The defined Job resources are:
1: Backuphost.local
2: BackupCatalog
3: RestoreFiles
Select Job resource (1-3):

Select the first one:

Run Backup job
JobName: Backuphost.local
Level: Incremental
Client: backuphost.local-fd
FileSet: Full Set
Pool: File (From Job resource)
Storage: File1 (From Job resource)
When: 2016-09-23 18:36:24
Priority: 10
OK to run? (yes/mod/no):

Choose mod this time:

Parameters to modify:
1: Level
2: Storage
3: Job
4: FileSet
5: Client
6: When
7: Priority
8: Pool
9: Plugin Options
Select parameter to modify (1-9):

Select 4:

The defined FileSet resources are:
1: Full Set
2: Catalog
3: etc
Select FileSet resource (1-3):

Of course we want to use 3, then mod and then 2:

The defined Storage resources are:
1: File1
2: File2
3: File3
Select Storage resource (1-3):

Choose 3, then mod and then 8:

The defined Pool resources are:
1: Default
2: File
3: Scratch
Select Pool resource (1-3):

Go with the first one:

Run Backup job
JobName: Backuphost.local
Level: Incremental
Client: backuphost.local-fd
FileSet: etc
Pool: Default (From User input)
Storage: File3 (From user selection)
When: 2016-09-23 18:38:24
Priority: 10
OK to run? (yes/mod/no):

Now type in yes:

Job queued. JobId=2
You have messages.

Let’s see how that went:

* mes
23-Sep 18:41 backuphost.local-dir JobId 2: Using Device “Var-File” to write.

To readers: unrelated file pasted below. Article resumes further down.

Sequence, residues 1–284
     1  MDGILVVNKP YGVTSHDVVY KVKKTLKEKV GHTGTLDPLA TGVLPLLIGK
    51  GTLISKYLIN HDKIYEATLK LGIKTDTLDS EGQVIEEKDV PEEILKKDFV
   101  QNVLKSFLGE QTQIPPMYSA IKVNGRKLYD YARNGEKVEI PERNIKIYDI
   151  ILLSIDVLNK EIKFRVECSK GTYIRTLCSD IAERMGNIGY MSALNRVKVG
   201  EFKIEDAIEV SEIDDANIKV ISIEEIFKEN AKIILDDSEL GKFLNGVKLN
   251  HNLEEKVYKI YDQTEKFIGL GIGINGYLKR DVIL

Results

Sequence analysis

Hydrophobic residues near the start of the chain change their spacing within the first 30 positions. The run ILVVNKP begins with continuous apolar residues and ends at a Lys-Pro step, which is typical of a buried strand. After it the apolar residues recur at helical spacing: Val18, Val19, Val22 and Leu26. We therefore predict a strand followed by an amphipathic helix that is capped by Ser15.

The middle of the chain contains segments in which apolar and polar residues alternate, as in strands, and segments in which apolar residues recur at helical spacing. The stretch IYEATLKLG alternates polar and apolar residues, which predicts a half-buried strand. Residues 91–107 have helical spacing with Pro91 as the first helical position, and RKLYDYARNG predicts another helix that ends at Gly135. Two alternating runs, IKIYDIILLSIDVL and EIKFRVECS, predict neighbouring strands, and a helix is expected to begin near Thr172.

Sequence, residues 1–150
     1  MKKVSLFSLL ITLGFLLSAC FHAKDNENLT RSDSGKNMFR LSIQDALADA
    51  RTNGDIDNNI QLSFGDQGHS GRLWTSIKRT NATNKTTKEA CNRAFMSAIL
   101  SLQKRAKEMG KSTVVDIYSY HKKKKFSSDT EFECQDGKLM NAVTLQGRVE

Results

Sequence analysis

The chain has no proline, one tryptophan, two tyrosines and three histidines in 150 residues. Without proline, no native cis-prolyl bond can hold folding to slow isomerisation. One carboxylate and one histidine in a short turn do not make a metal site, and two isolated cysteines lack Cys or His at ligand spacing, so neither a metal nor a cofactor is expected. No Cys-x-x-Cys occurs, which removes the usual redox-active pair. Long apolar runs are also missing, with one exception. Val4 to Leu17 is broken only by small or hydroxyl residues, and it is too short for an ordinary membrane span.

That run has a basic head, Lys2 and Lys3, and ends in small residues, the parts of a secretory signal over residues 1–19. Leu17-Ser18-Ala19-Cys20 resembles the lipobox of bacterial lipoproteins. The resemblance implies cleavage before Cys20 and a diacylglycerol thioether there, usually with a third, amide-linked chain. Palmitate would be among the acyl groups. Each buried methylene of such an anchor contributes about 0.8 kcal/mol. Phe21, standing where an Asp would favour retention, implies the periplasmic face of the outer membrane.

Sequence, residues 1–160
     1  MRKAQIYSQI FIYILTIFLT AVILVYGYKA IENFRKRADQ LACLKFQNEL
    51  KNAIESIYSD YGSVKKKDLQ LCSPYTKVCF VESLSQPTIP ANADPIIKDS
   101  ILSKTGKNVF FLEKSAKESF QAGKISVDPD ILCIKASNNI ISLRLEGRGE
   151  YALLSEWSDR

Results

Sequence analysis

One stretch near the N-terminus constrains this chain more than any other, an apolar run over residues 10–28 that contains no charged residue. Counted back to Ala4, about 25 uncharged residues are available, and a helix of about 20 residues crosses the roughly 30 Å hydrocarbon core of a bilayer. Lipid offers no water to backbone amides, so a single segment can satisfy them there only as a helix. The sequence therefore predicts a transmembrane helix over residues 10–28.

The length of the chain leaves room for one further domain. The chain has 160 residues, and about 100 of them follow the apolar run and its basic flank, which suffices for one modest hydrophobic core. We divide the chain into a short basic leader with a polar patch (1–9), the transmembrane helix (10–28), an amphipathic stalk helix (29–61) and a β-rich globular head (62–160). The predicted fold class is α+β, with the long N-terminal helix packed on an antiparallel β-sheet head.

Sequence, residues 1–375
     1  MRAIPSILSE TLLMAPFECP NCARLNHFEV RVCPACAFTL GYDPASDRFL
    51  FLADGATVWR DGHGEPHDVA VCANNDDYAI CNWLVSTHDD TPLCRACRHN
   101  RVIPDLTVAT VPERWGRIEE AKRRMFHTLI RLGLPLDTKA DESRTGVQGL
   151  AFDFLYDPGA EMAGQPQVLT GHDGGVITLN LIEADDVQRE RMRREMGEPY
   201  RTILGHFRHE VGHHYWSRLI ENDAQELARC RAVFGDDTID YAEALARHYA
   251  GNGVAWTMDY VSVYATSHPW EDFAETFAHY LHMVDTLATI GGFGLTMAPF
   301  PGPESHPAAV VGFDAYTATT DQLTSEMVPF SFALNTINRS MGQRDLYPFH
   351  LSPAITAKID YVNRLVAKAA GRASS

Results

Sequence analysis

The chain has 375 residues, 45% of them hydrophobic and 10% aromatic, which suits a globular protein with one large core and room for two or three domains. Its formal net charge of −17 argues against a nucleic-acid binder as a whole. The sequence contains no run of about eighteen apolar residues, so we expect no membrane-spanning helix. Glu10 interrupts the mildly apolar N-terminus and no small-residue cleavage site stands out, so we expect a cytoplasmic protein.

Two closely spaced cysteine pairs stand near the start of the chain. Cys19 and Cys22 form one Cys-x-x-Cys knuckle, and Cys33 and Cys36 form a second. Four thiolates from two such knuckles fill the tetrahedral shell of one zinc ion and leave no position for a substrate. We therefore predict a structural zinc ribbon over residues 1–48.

23-Sep 18:41 backuphost.local-sd JobId 2: Job Backuphost.local.2016-09-23_18.41.29_03 is waiting. Cannot find any appendable volumes.
Please use the “label” command to create a new Volume for:
Storage: “Var-File” (/var/backup)
Pool: Default
Media type: File3

Oh my! What’s happening now again? We need to create a label first before Bacula can use the new storage. Let’s just do that now and talk about the detail later (there’s a bit more to storage actually):

* label
The defined Storage resources are:
1: File1
2: File2
3: File3
Select Storage resource (1-3):

Select target 3 of course. Bacula will then ask you to give that volume a name:

Enter new Volume name:

Let’s just call it file3a:

Defined Pools:
1: Default
2: File
3: Scratch
Select the Pool (1-3):

Select 1:

Connecting to Storage daemon File3 at localhost:9103 …
Sending label command for Volume “file3a” Slot 0 …
3000 OK label. VolBytes=212 VolABytes=0 VolType=1 Volume=”file3a” Device=”Var-File” (/var/backup)
Catalog record for Volume “file3a”, Slot 0 successfully created.
Requesting to mount Var-File …
3001 OK mount requested. Device=”Var-File” (/var/backup)

Seems like everything is ok. Wait a few seconds and see if the job that has been waiting in line has been run automatically:

* mes
[ … quite some output … ]

Again look especially for the most important line. If you can find this one:

Termination: Backup OK

everything has worked out.

Let’s save our progress by shutting down the VM and taking the next snapshot:

* exit
# shutdown -p now
% vagrant status
% vagrant snapshot save tut_3_end


Alright! We just did our second backup with Bacula and this time we actually even know what we did there. While it’s not perfect to modify the backup job like this we’re certainly making progress (and it makes sense to have done it like that at least once). We’ll take care of the job defaults, discuss labels, volumes, etc. next time and also do a restore. But for now take a break. You’ve earned it.

Got any comments or figured that there’s something wrong with what I wrote? Just drop me a line in the comments.